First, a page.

Thursday, November 8, 2018

Tyndale Bulletin 69/2

thumbnailArticles in TynBul 69.2 (Nov 2018)
Nov 8th 2018, 14:12, by (Tyndale Member)
'Mosaic Covenant' as a Possible Referent for Νομοσ in Paul   Matthew B. Leighton (IBSTE, Barcelona)
Any serious enquiry into Paul's view of the law must include lexical considerations regarding the meaning of νόμος ('law') itself. A general consensus has emerged that νόμος predominantly refers to Mosaic legislation. A few scholars, however, have suggested that νόμος should sometimes be taken as a synecdoche for the Mosaic covenant administration. This article attempts to substantiate the plausibility of that referent by appealing to precursors for it in the OT and intertestamental literature, examples of a few of Paul's uses of νόμος, and linguistic considerations related to word choice.  

Moral Transformation Through Mimesis in the Johannine Tradition  Cor Bennema (Union School of Theology)
Johannine ethics is a problematic area for scholarship but recently there has been a breakthrough. In this new era of exploring Johannine ethics, the present study examines the concept of moral transformation through mimesis. The argument is that when people live in God's world, their character and conduct are shaped in accordance with the moral beliefs, values, and norms of the divine reality, and that mimesis proves to be instrumental in this process of moral transformation. The study also explores how Johannine Christians in the late first century could imitate an 'absent' Jesus and what they were seeking to imitate.  

'King of Kings' in Other Words: Colossians 1:15a as a Designation of Authority Rather Than RevelationChristopher S. Northcott (Lincoln Road Bible Chapel, Auckland)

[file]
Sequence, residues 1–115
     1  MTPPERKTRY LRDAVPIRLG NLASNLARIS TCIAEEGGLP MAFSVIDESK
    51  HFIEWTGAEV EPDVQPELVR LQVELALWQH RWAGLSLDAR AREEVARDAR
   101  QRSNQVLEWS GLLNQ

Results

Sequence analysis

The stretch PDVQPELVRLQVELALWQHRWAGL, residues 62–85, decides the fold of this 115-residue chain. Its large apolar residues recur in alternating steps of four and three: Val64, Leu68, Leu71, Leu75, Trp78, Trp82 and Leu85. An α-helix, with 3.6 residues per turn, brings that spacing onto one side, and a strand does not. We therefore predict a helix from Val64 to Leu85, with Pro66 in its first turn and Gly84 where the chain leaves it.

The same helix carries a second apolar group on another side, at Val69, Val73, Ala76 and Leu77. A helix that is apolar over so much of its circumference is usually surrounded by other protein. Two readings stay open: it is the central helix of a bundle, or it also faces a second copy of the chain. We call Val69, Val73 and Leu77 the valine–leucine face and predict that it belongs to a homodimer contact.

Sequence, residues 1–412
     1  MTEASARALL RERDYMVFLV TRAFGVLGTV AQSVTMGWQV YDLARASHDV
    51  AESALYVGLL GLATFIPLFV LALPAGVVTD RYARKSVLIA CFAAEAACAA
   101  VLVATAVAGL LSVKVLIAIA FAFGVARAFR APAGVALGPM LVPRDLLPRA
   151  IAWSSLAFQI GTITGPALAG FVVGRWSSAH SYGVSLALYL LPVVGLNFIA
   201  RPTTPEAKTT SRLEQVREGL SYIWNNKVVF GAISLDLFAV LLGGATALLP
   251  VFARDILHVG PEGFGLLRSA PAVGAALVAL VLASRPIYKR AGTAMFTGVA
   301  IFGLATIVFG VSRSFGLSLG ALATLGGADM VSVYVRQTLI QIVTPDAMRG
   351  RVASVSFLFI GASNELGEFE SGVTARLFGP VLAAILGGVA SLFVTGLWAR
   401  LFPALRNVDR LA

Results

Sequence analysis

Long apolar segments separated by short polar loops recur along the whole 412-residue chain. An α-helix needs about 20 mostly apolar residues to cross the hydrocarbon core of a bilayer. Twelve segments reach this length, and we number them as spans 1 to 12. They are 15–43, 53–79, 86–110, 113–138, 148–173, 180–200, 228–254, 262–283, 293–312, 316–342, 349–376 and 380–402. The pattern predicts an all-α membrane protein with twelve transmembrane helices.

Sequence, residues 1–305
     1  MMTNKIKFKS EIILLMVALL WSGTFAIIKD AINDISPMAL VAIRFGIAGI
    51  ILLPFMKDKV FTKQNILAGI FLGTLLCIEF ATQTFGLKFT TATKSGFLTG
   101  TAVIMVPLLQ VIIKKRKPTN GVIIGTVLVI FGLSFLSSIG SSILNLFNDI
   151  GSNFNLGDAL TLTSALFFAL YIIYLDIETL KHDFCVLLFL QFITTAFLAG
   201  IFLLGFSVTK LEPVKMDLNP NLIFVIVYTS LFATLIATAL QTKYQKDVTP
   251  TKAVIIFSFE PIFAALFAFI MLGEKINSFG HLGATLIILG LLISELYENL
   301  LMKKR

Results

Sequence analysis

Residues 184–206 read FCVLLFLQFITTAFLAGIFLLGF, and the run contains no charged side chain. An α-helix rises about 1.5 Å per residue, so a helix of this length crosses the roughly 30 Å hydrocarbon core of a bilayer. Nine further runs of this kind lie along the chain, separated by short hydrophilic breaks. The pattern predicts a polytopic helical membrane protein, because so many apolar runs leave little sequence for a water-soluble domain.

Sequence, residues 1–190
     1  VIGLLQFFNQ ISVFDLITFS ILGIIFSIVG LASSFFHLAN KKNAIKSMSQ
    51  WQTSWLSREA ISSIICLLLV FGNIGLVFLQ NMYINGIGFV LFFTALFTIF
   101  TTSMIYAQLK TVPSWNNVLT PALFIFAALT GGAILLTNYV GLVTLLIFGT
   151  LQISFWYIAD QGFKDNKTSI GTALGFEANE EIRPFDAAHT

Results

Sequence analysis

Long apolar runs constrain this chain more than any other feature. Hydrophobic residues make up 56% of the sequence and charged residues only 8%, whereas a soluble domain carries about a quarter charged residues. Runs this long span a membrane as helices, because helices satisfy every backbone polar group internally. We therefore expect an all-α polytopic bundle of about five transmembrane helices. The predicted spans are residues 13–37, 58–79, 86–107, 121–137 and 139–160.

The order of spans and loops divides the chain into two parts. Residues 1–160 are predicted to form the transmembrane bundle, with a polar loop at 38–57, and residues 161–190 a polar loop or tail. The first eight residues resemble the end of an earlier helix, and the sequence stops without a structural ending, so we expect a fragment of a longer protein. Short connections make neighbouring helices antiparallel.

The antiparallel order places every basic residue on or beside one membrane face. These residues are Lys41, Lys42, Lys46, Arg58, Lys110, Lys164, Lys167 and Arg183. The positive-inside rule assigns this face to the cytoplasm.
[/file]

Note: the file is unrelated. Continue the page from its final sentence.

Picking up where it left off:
Colossians 1:15a is typically understood to designate Jesus as the way in which the otherwise unknowable God can be known by human beings. Support for this conclusion is drawn from Hellenistic Judaism, Greek philosophy, and theology merely inferred from the 'image of God' concept in Genesis 1:26-28. However, a more satisfactory reading of this verse sees in it a presentation of Jesus as Yahweh's representative ruler of the earth. There are several supports for this reading: (1) the explicit development of the 'image of God' concept in Genesis; (2) parallel uses of the 'image of God' concept in ancient Near Eastern and Greco-Roman sources; (3) the modification made to the preposition in Colossians 1:15a; (4) an alternative reading of the word 'invisible'; and (5) the subsequent phrase in Colossians 1:15b, 'firstborn of all creation'. By describing Jesus in such a way, he is presented as the legitimate ruler of the world, potentially in deliberate contrast to the world rulers of that day: the emperors of Rome, who were thus viewed by the merit of their special relationship with their gods. 

Hebrews 12:18-24: Apocalyptic Typology or Platonic Dualism?Gareth Lee Cockerill (Sierra Leone, West Africa)
Those who have approached Hebrews either from the point of view of apocalyptic eschatology or from the perspective of neoplatonism have often misinterpreted the two 'mountains' in Hebrews 12:18-24. The first understand these 'mountains' as representing the Old and New Covenants; the second, the earthly and heavenly worlds. This paper argues that the two 'mountains' represent two present possibilities. The first is the present state and future destiny of the disobedient who are excluded from fellowship with God; the second, the present state and future destiny of the faithful who enter into that fellowship. 
        This interpretation is substantiated by a careful examination of the text and confirmed by the way this interpretation fits with Hebrews' rhetorical strategy and use of the Old Testament. Crucial to the argument is the total lack of continuity between the two mountains that would be essential to substantiate either of the traditional interpretations.

'Tantum in Domino': Tertullian's Interpretation of 1 Corinthians 7 in His Ad Uxorem  Coleman Ford (Southern Baptist Theological Seminary, Louisville)